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This may be a simple question but I couldn't find any answers - folder redirection usually refers to redirecting profile folders only.

I have 2 hard drives in my laptop: C: and D:. C: is an SSD, D: is a regular HDD. I'd like to keep some files on C: but transparantly access those files through the D: drive. For example, I'd like to have:

C:\Source - this is where I want my physical files to be stored.

D:\X_Drive - this folder is mapped to a virtual X: drive, using subst X: D:\X_Drive.

X:\Source - when I go into this folder, I'd to see the contents of C:\Source.

Effectively, I'm looking for a way to map D:\X_Drive to C:\Source. Is this possible under Windows 7 Ultimate?

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1 Answer 1

up vote 8 down vote accepted

Junctions (also called symbolic links or reparse points) allows you to do that. You can use mklink in the command prompt (with /D for directory) to create them:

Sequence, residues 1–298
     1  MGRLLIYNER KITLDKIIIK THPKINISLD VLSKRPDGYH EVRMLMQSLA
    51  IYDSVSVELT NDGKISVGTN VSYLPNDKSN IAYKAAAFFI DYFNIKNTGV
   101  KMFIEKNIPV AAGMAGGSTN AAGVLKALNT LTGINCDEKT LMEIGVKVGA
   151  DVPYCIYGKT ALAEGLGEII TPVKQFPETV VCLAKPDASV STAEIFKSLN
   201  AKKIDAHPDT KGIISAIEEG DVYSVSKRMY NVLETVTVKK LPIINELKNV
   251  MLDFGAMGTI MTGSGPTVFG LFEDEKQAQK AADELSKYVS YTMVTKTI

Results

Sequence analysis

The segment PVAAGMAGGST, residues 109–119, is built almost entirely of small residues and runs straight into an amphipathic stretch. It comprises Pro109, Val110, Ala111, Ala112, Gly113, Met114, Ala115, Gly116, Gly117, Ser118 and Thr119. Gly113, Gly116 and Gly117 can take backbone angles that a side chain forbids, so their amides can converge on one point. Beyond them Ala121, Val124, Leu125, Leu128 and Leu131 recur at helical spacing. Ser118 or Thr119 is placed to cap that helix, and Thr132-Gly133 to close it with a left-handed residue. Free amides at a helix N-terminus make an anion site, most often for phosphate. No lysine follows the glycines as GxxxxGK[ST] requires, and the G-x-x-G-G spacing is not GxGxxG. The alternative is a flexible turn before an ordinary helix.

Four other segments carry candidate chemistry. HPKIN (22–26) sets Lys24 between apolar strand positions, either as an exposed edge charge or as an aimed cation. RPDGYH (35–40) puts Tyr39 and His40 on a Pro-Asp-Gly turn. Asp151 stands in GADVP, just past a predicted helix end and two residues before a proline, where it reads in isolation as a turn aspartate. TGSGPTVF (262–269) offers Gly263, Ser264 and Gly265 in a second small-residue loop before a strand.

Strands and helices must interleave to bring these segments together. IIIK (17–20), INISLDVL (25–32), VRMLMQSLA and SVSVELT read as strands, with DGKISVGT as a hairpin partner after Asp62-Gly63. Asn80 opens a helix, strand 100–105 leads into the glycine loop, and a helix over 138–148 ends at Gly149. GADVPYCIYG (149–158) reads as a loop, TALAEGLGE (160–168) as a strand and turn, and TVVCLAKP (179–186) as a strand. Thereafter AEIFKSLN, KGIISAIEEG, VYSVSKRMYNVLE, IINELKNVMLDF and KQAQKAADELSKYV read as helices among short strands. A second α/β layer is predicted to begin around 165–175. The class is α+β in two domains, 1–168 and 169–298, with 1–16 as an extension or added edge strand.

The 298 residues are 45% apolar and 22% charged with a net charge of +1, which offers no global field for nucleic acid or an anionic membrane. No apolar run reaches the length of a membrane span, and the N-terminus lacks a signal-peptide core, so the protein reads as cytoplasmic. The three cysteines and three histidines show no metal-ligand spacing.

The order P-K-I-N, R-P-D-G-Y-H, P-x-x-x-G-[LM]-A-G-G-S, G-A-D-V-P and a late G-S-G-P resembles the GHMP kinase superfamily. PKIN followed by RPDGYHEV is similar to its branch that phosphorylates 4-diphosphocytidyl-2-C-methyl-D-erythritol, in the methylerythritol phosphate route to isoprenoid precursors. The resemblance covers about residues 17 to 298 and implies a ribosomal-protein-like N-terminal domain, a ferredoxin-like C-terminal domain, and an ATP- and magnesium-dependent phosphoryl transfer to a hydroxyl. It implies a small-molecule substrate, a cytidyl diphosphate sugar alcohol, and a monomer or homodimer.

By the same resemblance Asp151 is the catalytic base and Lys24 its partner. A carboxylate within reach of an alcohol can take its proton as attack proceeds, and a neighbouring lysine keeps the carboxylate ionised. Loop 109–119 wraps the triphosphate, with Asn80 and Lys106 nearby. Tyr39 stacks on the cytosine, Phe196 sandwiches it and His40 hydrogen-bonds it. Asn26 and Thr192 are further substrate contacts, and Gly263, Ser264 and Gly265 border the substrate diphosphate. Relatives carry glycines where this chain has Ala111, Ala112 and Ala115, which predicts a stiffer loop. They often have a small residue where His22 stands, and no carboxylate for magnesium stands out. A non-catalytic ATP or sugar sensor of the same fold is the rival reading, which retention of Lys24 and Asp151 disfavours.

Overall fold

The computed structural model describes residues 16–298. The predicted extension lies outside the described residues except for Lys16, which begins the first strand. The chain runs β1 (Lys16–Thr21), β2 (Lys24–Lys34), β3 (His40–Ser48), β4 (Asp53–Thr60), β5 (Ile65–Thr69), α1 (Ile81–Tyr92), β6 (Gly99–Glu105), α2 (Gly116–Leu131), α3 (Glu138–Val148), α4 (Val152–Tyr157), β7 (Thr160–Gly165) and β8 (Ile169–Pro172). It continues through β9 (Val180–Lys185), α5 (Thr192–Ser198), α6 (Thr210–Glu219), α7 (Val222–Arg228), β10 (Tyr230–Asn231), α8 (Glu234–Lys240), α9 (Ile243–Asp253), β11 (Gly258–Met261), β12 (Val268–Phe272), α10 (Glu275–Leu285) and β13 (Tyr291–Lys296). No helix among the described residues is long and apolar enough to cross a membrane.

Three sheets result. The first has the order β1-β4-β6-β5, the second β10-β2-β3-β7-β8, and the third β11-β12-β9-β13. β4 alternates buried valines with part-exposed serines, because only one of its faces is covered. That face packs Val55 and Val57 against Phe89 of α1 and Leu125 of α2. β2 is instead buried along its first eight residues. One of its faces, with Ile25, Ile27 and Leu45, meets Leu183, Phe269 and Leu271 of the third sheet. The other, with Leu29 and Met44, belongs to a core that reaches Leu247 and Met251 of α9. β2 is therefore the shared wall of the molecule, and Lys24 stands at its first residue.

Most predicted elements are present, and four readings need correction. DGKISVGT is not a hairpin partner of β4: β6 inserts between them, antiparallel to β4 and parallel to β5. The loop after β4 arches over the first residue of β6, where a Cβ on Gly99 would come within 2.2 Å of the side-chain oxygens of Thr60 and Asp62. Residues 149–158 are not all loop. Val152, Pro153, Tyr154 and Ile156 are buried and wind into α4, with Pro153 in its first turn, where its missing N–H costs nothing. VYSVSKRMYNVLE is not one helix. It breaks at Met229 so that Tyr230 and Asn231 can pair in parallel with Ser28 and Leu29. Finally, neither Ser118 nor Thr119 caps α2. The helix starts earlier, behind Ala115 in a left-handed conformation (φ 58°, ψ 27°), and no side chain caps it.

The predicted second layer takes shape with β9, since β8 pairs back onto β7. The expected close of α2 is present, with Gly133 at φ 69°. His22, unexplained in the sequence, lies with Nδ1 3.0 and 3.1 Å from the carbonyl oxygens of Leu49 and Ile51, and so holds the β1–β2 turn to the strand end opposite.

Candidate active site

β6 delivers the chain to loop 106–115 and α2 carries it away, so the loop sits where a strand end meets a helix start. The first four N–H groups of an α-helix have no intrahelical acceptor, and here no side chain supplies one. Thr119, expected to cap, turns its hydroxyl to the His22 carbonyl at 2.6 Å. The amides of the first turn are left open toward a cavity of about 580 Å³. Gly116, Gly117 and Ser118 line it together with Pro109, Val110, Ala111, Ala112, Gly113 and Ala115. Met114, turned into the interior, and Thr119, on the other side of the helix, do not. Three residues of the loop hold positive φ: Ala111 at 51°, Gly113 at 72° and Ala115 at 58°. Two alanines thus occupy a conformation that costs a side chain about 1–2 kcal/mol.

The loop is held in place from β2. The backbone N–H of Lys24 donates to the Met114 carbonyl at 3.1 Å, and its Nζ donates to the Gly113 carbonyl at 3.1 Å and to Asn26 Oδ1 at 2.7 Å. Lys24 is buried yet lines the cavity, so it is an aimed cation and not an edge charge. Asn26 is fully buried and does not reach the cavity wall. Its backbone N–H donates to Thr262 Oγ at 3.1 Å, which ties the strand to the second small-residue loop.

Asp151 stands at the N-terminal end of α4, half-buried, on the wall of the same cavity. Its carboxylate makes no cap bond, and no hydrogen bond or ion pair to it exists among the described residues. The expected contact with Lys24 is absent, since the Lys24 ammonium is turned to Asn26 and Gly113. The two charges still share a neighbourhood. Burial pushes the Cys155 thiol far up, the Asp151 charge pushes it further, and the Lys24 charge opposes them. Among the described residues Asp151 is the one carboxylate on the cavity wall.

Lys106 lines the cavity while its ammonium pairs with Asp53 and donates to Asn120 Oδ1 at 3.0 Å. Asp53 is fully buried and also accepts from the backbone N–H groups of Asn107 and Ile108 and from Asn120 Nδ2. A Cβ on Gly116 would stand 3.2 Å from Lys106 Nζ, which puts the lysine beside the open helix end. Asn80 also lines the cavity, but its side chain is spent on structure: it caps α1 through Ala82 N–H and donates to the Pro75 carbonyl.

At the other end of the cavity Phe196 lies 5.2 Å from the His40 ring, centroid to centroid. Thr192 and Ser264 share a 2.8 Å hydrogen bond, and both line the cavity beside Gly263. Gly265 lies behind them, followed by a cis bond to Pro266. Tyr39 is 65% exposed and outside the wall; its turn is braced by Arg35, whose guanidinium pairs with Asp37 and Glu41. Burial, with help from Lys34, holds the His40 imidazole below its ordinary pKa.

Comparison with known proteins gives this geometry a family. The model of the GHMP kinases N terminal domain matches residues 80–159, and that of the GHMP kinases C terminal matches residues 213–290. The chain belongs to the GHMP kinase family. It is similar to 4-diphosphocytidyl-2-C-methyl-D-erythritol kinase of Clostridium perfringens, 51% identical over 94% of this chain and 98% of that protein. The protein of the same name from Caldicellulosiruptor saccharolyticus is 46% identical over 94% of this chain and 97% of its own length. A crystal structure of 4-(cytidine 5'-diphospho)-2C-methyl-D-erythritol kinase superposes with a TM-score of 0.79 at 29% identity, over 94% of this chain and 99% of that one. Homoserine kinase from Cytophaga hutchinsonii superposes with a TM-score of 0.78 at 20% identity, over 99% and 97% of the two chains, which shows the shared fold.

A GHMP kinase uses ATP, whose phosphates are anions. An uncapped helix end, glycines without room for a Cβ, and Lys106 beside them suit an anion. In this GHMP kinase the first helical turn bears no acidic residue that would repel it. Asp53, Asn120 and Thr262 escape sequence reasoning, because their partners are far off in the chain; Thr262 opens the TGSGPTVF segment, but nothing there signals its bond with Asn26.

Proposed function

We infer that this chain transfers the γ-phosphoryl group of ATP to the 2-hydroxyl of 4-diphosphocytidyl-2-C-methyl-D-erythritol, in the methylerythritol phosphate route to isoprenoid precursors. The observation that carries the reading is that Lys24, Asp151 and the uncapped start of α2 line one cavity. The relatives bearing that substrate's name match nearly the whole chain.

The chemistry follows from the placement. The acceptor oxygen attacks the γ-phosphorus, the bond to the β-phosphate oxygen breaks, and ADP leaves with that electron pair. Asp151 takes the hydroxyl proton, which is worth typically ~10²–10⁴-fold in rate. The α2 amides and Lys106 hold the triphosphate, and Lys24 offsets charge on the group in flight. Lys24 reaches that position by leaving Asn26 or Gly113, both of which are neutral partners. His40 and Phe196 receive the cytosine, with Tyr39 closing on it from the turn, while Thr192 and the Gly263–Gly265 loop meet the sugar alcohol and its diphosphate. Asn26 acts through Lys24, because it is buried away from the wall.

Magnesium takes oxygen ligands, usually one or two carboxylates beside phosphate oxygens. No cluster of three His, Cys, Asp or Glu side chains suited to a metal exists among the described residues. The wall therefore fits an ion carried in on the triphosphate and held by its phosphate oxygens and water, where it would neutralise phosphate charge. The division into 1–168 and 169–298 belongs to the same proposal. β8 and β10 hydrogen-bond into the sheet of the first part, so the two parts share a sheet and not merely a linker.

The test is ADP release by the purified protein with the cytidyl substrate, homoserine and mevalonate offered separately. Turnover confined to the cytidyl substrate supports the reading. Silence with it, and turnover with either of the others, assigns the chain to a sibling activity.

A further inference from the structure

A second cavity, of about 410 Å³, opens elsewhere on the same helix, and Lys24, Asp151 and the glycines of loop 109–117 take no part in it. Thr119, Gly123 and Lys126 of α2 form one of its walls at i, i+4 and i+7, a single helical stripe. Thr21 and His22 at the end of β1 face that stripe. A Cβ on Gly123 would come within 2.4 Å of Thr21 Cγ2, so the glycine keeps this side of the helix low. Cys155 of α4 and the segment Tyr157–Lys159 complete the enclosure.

mklink /D C:\Source D:\Source

This will be transparent to applications - that is they will see it as a regular folder.

In Windows Vista/7, it is safe to delete C:\Source from Windows Explorer, or from the command prompt (del C:\Source) as it will only delete the link, without affecting the content of your target folder (D:\Source). However, in WinXP/2000 it would also delete the target content, so you should use rmdir, or the Sysinternal Junction utility in this case.

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For the asker, there is also a Wikipedia article you should check out when it comes directory deleting with junctions, here –  The_aLiEn Feb 18 '12 at 6:16
    
@The_aLiEn Thanks, I wasn't sure if rmdir was safe in XP, and apparently it is. –  mtone Feb 18 '12 at 6:18
    
Wow, thanks a lot! I knew about junctions/symbolic links but I was unfamiliar with them. I suspected that I may need one but I wasn't sure and I didn't know how to use them. Thnks again. –  xxbbcc Feb 18 '12 at 14:14

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